Stacey Cole's Nature Talks: September peak month for hawk migration
Hawk migration is at its peak this month. I have always thought of the month of September as being the month of the hawk. Past records indicate that October frequently has only five raptor species that outnumber those seen in September. Those include: turkey vulture, northern harrier, peregrine falcon and both the red-tailed and the red-shouldered hawks. A few late-migrants do appear in early November.
Hawks journey over many thousands of miles from their summer breeding grounds to their winter quarters. The broad-winged hawk, the most common of these raptors seen in New Hampshire, is apt to winter in Texas, Brazil and the West Indies. The red-shouldered hawk flies to Central Mexico, and the red-tailed hawk to Panama. The northern harrier (formerly marsh hawk) flies from Labrador to Columbia and the West Indies. The rather diminutive American kestrel (formerly sparrow hawk) ventures to south Chile, the osprey or "fish" hawk to South America, turkey vulture, south of New England through all eastern states and from Florida to Texas.
One does not always need a beautiful, clear sky for a successful hawk watch. During periods of light rain or on foggy days, hawks often migrate close to the ground, hunting as they go. In real rough weather they seem not to move at all, remaining huddled in trees, frequently close to the trunks for protection, while awaiting a break in the weather.
As of now, I'm sure the media has pointed out the best places to visit to see and count these far-travellers. For many years, my late wife, Mildred, and I traveled to Mount Tom, located a little south of Northampton, Mass. Close to the summit was a small knob known as Goat Peak with an observation platform that provided a panoramic view of a large section of the Connecticut River Valley. On more than one of those trips we counted as many as 1,500 hawks in less than an hour. Others reported greater numbers.
Large congregations of hawks may be seen in unexpected places. For example: in Concord, within a 15-minute period one September morning, I counted more than 500 hawks, mostly broad-wings, circling above our state capital. They circled, drifting high above the golden dome of the State House. The birds appeared completely unhurried as they circled. Birders call that "kettling." After attaining the correct height the birds caught a thermal and rode it south.NH Audubon has experts who attend several locations where large numbers of migrating raptors may be observed. For further information, phone NH Audubon at 224-9909.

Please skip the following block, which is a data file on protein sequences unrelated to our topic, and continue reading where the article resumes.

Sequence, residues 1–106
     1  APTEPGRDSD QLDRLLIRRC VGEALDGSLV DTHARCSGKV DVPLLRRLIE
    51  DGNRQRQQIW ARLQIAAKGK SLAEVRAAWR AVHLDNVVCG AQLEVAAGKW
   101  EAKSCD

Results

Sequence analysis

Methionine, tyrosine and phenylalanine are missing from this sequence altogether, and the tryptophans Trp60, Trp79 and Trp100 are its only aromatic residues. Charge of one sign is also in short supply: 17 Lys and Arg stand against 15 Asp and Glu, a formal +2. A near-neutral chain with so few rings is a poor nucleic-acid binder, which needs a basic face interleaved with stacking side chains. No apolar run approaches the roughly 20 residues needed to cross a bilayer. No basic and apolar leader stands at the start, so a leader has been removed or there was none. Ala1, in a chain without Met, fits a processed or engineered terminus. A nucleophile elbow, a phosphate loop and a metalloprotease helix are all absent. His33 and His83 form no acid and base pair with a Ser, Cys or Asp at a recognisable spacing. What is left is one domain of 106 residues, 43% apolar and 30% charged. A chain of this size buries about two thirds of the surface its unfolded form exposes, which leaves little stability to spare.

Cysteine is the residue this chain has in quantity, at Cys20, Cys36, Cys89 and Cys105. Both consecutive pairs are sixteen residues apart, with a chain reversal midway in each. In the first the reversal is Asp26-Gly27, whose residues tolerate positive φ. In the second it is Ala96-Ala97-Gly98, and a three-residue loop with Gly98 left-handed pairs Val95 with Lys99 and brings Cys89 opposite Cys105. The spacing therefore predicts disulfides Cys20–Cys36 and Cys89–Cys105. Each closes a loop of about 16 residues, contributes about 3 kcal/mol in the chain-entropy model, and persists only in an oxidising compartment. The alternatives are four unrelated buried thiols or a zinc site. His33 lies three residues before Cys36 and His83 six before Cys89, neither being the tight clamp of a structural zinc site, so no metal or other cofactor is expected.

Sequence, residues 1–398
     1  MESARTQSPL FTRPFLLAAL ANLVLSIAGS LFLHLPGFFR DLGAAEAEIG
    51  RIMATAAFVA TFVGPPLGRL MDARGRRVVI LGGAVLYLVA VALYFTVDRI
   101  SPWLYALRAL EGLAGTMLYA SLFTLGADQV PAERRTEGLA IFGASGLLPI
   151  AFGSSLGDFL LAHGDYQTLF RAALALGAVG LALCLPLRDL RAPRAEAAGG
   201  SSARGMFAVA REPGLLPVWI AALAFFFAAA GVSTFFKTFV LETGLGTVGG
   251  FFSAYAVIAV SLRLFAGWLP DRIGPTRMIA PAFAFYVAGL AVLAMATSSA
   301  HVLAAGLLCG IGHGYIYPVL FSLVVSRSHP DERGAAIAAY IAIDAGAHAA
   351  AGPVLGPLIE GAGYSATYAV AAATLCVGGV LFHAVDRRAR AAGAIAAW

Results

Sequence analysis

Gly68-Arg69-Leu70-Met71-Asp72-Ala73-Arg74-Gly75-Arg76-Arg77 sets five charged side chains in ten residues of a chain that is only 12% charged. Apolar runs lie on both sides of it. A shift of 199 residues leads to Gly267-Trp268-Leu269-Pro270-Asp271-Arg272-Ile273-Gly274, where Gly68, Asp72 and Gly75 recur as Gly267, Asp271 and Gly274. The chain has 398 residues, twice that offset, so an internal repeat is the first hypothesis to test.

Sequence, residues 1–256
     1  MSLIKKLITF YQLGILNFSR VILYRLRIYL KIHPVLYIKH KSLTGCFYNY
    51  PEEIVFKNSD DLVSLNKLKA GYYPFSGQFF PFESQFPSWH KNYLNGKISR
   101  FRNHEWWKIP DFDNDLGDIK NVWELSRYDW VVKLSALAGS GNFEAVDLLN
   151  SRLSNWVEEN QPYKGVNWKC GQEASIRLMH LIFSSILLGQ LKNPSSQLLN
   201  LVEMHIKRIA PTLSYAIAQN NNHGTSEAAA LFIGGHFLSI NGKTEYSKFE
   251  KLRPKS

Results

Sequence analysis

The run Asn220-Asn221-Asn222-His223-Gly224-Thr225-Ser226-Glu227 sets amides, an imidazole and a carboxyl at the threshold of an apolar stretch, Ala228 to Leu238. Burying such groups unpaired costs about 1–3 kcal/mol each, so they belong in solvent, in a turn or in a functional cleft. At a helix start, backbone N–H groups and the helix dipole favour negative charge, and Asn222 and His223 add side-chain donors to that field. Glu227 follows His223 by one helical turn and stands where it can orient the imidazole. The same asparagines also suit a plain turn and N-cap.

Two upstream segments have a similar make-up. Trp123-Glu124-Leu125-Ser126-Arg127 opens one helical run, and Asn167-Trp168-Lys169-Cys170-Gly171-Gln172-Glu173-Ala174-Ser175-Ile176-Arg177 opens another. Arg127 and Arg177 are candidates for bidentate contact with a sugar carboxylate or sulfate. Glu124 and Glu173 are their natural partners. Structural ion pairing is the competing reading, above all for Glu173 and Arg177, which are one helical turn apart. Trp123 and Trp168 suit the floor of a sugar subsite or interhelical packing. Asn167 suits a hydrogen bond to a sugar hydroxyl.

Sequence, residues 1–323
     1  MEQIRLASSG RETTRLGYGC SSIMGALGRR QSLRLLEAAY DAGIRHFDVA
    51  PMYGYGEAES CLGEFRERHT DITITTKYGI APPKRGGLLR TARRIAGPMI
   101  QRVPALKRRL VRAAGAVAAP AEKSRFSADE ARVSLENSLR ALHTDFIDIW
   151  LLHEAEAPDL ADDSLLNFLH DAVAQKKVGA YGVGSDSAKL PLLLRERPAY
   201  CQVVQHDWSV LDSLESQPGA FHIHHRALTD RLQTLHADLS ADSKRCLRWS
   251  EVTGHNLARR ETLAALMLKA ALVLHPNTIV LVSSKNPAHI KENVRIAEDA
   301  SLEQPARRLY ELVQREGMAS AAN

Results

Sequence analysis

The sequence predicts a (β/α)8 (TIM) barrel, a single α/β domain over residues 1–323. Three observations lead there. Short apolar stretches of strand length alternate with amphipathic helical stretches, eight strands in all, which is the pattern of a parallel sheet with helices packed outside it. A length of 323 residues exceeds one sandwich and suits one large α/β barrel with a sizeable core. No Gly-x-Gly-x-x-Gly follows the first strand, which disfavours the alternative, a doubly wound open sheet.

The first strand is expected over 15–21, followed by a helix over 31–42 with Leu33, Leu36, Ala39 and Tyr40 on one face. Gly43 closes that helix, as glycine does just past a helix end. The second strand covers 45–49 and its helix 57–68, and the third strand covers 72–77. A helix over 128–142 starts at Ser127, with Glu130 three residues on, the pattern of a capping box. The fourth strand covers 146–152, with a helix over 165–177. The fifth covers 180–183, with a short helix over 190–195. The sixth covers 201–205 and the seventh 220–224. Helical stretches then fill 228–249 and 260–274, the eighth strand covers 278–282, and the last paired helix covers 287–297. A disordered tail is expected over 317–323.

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A Hampstead reader wrote in part: "I hope that you may have an answer for a problem that my next door neighbor has. She has red squirrels getting into her house by chewing the screens on the first floor and even on the third floor. They don't want to leave the windows closed because they do not have air conditioning. They thought about traps but I don't think that would do it. They called an exterminator but they said they had never heard of this problem. Any help you can offer will be most appreciated. Thank you."
I suggest when your neighbors gets the "chewed" window frames re-screened with regular window screening, that on the outside (covering the new screens) l/4 inch (possibly 1/2 inch) hardware cloth be added. With those windows open that arrangement will allow outside air to pass through and ventilate the rooms. I doubt the red squirrels will be able to chew through that hardware cloth and gain entrance into the house. Good Luck! Further suggestions readers?
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A New London reader who lives in a retirement community raised an interesting question. She wrote in part: "We do not have very many birds here. I don't know why. We have some trees around. We have flowers, suet and a bird bath. It is a rather closed-in outdoor courtyard. We have lots of chipmunks, several goldfinches that are really noisy and a few chickadees. It was cute watching the baby woodpecker being taught to eat. Maybe the birds don't like people sitting out back with them." Our reader did not mention a bird feeder or feeders containing a good bird seed mix. If there isn't one or more, at least one should be added.
The species of birds that have visited this courtyard are the most friendly that I know. Suet attracts many so-called "feeder" birds including white-breasted nuthatches, all species of woodpeckers, and tufted titmice as well. These birds are not as skittish as many so-called feeder birds. In addition, a hummingbird feeder, kept well filled each day with fresh sugar water (colored or uncolored), probably would attract them as hummingbirds do not seem to mind being close to people as long as they are quiet and move about slowly.
Stacey Cole's address is 529 W. Swanzey Road, Swanzey, 03446.